These “Memory Lane” posts are here to tell the story leading up to my current status as a TEFL Teacher in Japan. What was I doing? Why was I doing it? and, of course, Where was I?

Family Connections

The very first time I came to Japan I was only about five or six years old. I came here with my mother to visit her brother and his wife. My uncle worked for Sony at the time, which is how we came to have a place to stay on our visit. I remember very little about the actual flight beyond the fact that it was unbelievably long and I’m sure I spent a good deal of time with my classic grey Game Boy. It was around that time that I was heavily obsessed with completing Super Mario Land, so I’m sure it was always close by.

Honestly, the few memories I’ve managed to retain from my younger years are rarely more than a scattered collection of images and feelings, as I’m sure is the same for most of us. Luckily my uncle has always been a bit of a technophile so he was well ahead of the curve when it came to documenting events for posterity. Thus there was a fairly lengthy VHS made with his state-of-the-art camcorder. Now, my memories from that time are mostly stolen from that video.

Picky Picky

Japan is legendary for it’s love of food and I like to think that I am likewise known for mine. I delight in everything from the cheapest, greasiest back alley kebab to the finest, most succulent Snow Crab. However there was a time when my pallet was nowhere close to the broadness I now possess. My first visit to an Asian country fell in just such a time and I was surely a source of immense frustration for my poor Mother. I particularly remember being presented with a large bowl of chicken chow-mein in a Chinese restaurant and having my first, horrifying glimpse of the little freakish things known as Bean Sprouts.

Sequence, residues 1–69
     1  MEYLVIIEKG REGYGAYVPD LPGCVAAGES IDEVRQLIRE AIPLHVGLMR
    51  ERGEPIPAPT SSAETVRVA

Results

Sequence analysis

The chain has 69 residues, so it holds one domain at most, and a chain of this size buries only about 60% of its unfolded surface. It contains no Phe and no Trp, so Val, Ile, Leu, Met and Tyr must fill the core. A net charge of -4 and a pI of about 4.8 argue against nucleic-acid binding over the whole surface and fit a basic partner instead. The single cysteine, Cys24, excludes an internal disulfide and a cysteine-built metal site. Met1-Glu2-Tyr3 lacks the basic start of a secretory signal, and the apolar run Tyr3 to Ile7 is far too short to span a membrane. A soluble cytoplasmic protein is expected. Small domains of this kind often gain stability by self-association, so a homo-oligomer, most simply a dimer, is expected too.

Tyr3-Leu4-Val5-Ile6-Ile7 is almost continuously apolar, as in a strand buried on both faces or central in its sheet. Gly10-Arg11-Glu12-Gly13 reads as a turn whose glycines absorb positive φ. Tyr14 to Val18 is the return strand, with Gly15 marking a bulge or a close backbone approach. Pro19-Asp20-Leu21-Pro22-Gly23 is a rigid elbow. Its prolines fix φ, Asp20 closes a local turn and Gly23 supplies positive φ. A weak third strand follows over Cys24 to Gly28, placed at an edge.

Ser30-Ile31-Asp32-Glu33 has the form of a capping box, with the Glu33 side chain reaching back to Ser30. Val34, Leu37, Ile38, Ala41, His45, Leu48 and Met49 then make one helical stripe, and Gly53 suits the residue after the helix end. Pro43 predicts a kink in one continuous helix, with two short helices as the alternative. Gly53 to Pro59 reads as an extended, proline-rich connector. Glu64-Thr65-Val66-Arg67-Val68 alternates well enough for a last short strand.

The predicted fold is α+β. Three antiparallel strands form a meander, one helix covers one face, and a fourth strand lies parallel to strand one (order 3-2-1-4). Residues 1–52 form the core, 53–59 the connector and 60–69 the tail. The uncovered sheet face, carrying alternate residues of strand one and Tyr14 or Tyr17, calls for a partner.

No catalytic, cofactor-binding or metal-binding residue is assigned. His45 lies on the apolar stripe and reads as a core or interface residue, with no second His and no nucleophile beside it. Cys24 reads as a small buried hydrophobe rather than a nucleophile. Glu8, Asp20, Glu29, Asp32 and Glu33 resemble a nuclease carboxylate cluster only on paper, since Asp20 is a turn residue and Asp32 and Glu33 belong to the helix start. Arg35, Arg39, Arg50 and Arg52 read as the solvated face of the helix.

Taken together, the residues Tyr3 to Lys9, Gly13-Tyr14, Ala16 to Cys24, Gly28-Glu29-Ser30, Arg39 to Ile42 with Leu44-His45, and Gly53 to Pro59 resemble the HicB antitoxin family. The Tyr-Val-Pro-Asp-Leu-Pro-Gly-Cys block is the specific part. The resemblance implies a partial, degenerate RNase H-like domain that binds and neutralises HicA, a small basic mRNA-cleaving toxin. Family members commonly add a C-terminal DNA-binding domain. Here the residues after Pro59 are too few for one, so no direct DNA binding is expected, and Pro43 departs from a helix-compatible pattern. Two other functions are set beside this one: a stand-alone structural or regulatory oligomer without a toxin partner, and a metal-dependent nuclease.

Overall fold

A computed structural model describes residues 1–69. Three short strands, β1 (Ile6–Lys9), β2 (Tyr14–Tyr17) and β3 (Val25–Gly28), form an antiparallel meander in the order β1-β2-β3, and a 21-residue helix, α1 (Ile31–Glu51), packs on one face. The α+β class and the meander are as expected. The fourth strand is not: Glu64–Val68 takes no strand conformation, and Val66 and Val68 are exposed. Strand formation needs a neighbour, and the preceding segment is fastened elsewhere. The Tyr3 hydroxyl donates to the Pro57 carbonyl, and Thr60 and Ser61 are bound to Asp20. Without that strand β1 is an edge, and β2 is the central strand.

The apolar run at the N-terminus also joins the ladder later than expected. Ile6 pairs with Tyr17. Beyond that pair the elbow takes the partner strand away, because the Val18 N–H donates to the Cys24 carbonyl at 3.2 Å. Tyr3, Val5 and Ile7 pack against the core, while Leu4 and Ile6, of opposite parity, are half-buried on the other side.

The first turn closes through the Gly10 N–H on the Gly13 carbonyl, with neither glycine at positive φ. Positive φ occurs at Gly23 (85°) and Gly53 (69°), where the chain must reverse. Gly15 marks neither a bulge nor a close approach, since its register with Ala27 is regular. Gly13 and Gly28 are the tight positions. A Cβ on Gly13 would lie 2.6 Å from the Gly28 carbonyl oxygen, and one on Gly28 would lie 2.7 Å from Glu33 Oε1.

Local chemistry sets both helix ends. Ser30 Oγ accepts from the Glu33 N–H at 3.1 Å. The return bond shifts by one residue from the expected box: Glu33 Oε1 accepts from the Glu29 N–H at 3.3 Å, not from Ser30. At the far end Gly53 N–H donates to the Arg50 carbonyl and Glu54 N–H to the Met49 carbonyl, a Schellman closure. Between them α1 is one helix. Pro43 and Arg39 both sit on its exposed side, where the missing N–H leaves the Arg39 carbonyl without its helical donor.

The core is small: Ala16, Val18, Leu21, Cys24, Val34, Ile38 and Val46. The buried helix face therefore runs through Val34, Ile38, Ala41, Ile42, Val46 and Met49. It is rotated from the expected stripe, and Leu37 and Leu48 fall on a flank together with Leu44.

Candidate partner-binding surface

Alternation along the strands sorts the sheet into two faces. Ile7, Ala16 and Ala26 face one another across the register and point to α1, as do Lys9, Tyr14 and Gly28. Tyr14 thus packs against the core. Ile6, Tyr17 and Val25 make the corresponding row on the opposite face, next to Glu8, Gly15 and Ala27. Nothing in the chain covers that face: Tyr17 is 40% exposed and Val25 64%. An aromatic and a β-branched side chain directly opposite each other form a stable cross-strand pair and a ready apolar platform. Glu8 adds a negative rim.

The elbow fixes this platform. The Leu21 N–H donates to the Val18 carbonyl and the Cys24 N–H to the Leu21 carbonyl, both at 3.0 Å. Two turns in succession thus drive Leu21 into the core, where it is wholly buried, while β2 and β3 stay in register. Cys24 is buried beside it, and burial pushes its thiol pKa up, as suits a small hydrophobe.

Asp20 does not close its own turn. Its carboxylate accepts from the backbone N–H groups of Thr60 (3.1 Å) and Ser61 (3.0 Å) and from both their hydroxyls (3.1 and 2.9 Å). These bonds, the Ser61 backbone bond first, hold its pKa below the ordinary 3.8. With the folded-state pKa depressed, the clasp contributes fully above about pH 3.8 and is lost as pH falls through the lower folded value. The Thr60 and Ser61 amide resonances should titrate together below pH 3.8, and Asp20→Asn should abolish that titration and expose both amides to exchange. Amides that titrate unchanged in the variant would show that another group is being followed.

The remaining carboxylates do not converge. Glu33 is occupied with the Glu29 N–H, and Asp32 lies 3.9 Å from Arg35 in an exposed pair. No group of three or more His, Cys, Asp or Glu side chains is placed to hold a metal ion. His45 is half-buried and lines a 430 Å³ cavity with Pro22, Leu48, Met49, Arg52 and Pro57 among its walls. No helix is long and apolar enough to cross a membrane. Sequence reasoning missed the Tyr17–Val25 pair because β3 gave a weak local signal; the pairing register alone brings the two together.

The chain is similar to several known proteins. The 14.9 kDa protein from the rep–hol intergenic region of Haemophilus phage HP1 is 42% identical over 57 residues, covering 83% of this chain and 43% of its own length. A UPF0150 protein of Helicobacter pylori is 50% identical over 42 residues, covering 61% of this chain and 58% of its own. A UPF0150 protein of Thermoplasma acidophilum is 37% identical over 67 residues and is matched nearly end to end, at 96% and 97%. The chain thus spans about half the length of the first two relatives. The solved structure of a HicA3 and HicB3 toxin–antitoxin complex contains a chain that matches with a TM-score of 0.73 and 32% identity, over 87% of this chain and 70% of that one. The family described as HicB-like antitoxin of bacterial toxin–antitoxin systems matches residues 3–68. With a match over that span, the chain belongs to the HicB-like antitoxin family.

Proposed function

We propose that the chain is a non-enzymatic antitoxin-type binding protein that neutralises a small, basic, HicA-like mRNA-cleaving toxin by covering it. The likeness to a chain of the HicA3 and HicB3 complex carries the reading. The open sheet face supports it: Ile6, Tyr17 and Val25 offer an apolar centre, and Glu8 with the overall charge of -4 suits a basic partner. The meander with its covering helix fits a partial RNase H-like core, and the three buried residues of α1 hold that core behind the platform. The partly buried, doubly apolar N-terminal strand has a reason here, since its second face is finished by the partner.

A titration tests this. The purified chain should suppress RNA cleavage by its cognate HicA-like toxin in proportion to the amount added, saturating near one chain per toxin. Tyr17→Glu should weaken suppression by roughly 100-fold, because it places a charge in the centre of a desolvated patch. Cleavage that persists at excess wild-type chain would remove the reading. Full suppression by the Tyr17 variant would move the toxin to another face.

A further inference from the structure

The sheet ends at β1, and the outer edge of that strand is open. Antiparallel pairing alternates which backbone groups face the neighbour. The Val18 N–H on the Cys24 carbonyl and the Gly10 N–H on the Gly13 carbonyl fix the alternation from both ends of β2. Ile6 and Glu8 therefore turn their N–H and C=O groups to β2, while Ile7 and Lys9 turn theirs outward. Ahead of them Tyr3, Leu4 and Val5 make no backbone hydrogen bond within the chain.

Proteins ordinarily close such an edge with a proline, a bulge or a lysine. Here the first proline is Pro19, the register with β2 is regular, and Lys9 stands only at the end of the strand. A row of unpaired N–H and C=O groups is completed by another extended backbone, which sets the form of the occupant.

Yup. Hated these. Love 'em now though!
Yup. Hated these. Love ’em now though!

I don’t know exactly how the scene played out but I do know that my Mum had to pick out almost every single bean sprout from the well-populated dish before I would even go near it. My picky eating habits would become the bane of our trip, forcing us to often eat at my uncle and aunt’s apartment.

What a Wonder

Hands down the most wondrous experience of that trip was when we visited Edo Wonderland. An Edo-period theme park, it makes for a great family day-trip from Tokyo. It’s essentially a village recreated in the traditional style. Almost all of the buildings and street furniture come straight out of the history books and you’ll see a multitude of kimono-wearing ladies and katana-toting samurai wondering the streets ready to pose or interact with enthralled visitors. In fact there is an especially cute section of my uncle’s visual chronicles that shows the moment when a passing samurai decided to stop and teach me how to honourably engage my opponent with a deep bow and a steady draw of my plastic katana.